There were several challenges embedding the ANDRI project wholly into the Victorian index. With many government agencies, working groups formed by subject matter experts have a concrete perspective of how something can be used practically. This can vary vastly from research-based policy development, which in an area like community resilience is still emerging and difficult to operationalise. This required significant project management (communication and updating of the project control groups) and briefings from the ANDRI researchers. Direct communication with researchers reassured stakeholders of the rigour and expertise behind the product that guaranteed their commitment to the project.

Moreover, visualisation was a powerful tool to convince a varied working group the ANDRI could be used for their purposes. To better people’s understanding of how the Victorian index would complement their work, prototypes, demonstrations and graphically designed desktop mock- ups were used to demonstrate to stakeholders how the index will complement or enhance existing processes and methods.

Another challenge is that the parameters of a research project may not align to agency priorities exactly. This was the case for the ANDRI project that was aligned to resilience assessment directions but generates a national-scale, one-off snapshot of disaster resilience. The requirement of EMV and its project stakeholders was for a state-level index that could be updated through time and that supported recovery planning. This challenge was overcome by evaluation and discussion and it was resolved that the ANDRI could form a solid baseline from which the Victorian index could build a live capability.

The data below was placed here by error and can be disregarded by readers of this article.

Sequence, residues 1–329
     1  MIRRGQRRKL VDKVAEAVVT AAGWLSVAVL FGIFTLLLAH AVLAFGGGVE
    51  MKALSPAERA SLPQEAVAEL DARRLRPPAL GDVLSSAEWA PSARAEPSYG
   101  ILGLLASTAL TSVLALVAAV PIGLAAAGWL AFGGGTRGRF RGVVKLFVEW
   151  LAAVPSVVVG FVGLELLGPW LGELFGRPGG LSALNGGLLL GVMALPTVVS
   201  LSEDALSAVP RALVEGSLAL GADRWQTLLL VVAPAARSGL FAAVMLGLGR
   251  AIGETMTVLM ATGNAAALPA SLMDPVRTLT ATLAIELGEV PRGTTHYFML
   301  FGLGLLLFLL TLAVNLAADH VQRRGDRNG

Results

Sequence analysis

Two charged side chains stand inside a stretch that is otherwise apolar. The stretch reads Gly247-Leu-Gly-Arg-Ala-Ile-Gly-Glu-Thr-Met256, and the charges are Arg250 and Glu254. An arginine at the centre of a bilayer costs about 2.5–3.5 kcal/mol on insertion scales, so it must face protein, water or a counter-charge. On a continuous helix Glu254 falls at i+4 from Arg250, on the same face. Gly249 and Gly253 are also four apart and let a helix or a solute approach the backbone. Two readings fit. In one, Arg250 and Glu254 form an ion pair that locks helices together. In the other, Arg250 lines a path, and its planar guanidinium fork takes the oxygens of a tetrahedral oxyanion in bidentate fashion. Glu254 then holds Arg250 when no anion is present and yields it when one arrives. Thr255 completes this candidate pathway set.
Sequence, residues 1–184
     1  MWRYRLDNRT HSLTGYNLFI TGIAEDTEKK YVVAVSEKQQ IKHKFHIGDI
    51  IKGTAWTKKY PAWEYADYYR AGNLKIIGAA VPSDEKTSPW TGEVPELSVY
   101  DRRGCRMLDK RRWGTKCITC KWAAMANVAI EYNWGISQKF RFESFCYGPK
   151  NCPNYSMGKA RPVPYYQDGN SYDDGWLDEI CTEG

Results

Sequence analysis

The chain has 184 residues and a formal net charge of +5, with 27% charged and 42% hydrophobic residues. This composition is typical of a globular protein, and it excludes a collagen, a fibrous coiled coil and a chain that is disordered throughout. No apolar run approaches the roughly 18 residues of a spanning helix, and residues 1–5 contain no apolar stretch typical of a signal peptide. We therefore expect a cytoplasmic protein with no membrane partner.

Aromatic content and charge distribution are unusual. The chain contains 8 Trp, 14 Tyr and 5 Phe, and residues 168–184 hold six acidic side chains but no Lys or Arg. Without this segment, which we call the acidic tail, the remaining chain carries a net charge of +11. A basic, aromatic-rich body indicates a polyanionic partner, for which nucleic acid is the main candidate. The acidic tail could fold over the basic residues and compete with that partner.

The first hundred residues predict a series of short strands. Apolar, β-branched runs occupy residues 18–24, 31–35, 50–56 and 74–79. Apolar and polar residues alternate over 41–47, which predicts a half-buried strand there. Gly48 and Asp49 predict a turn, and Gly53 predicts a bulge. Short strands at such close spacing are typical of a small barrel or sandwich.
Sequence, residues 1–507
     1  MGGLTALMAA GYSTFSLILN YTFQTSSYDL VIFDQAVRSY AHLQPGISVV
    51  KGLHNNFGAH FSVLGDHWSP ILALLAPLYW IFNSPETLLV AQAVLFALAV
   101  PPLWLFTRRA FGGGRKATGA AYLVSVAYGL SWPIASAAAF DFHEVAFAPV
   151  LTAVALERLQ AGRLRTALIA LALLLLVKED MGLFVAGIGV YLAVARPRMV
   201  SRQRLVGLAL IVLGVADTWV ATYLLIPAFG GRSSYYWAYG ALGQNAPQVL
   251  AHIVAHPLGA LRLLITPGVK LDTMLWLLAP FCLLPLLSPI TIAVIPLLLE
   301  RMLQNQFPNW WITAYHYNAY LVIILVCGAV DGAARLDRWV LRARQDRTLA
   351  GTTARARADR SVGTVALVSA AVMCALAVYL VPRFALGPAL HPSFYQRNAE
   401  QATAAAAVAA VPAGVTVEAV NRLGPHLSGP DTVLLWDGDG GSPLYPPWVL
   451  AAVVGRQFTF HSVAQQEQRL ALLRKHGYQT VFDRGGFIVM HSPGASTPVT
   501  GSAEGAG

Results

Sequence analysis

Operationalising community resilience is a new and emerging public policy area. With any emerging theory or paradigm, there is reliance on the Australian Government to provide guidance on how states and territories should implement it. The ANDRI operationalises the latest conceptual advances in disaster resilience thinking by:

  • assessing disaster resilience as capacities
  • including indicators of emergency services, planning, community engagement and adaptation
  • using the most up-to-date statistical methods for index computation.

It was therefore met with some hesitation in the sector. In this case it was state government reform towards community resilience that positioned Victoria to pioneer such an index.

Furthermore, the tradition of commissioning one-off projects to satisfy immediate government needs had to be overcome, particularly when budget was allocated in advance for such work.

For many years, the supplier-provider model has dominated how departments and agencies perceive the process of commissioning and using research. The process of co-generating and embedding external research can be challenging but there are solutions including relationships, collaboration, flexible project design and demonstration of benefits and savings. This case study demonstrates some of the challenges and the benefits from persevering at the research-government program interface.


Figure 1: Actors in utilisation of the ANDRI into the VEMCRI and their typical roles.